Review: Paris Metro

The challenge facing a serious novelist who wants to produce something more than a potboiler about the complex relationship between Islam and the West is twofold. First, she must create a fictional world that's at least as plausible as the one that unfolds on the Internet and television every day, and then populate it with multidimensional characters who are more than mouthpieces for clashing worldviews. In Paris Metro, Wendell Steavenson (Circling the Square: Stories from the Egyptian Revolution) succeeds impressively on both counts. Fully engaging with these challenges, her debut novel is sophisticated in both its politics and its treatment of the family drama at its heart.

Like Steavenson, her protagonist, Catherine ("Kit") Kittredge, is a journalist who's spent most of her professional life traveling from one hot spot to another around the world. While in Baghdad following the U.S. invasion in 2003, she meets and eventually weds Ahmed Solemani, the son of a murdered Iraqi diplomat, whose ambition is matched only by his penchant for concealment. Kit undergoes an express conversion to Islam solely for the purpose of their marriage, and a short time later discovers her husband will be bringing a son from his first marriage--the boy Kit calls "Little Ahmed"--into the relationship.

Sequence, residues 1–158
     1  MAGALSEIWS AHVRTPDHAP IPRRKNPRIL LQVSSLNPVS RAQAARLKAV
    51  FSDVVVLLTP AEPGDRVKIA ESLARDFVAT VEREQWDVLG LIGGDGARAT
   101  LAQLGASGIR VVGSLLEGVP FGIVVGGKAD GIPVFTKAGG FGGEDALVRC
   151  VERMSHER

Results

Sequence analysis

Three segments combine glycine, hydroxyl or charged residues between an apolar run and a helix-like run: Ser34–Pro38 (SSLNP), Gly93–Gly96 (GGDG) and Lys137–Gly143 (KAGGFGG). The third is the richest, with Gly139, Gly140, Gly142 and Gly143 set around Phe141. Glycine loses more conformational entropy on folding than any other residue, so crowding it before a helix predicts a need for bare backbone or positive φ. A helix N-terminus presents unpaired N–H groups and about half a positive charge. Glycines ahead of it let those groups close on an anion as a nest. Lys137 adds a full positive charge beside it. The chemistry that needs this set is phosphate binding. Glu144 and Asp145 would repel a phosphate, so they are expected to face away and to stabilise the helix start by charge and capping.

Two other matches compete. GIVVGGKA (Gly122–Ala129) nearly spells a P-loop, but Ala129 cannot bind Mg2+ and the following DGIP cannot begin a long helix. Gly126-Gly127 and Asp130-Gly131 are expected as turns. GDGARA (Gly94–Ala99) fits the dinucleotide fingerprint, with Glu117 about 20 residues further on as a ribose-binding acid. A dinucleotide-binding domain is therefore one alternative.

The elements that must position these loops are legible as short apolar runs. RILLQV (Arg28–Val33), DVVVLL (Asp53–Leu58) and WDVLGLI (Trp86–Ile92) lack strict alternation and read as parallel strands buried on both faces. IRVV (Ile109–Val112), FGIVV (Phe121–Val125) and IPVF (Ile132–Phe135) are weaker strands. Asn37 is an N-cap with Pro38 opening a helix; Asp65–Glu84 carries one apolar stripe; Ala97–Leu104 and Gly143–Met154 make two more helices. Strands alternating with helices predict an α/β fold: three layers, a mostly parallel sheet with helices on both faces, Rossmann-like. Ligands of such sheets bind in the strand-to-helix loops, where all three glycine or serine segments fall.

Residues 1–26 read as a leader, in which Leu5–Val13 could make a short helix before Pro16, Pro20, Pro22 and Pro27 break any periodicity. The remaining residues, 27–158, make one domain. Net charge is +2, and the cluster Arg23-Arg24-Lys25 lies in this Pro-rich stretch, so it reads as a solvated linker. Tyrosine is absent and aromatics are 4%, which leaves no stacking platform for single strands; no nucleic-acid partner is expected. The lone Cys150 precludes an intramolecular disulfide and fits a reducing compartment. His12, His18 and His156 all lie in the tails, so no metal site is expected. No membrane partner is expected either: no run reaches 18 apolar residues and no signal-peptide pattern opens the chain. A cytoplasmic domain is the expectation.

The ill-matched pairing predictably falters and fails, and Kit finds herself in Paris with Little Ahmed in the fateful year of 2015--bracketed by the terrorist attack on the satirical magazine Charlie Hebdo, to which she has a deeply personal connection, and the mass killings centered on the Bataclan theater. Kit's despair over these events is heightened by her anxiety that her adopted son, now 13 years old, is falling under the influence of a radical imam.

Steavenson thoughtfully portrays Kit's growing distress over the threat of terrorism, exacerbated by the fear that both her ex-husband and son may be more involved in perpetrating similar crimes than she is willing to admit. For all her immersion in the Muslim world, she admits, "I didn't hear their fear; my own had canceled out empathy." By the time the novel reaches its climax, events have moved Kit closer to a more sophisticated understanding of the dangers in an early-21st-century world, but Steavenson never suggests there will be any easy solutions to these conflicts. Fans of work by Graham Greene or John le Carré will find much to admire in the engrossing Paris Metro. --Harvey Freedenberg, freelance reviewer

Shelf Talker: The political and the personal intertwine in this story of a journalist struggling to bridge the divide between Islam and the West.

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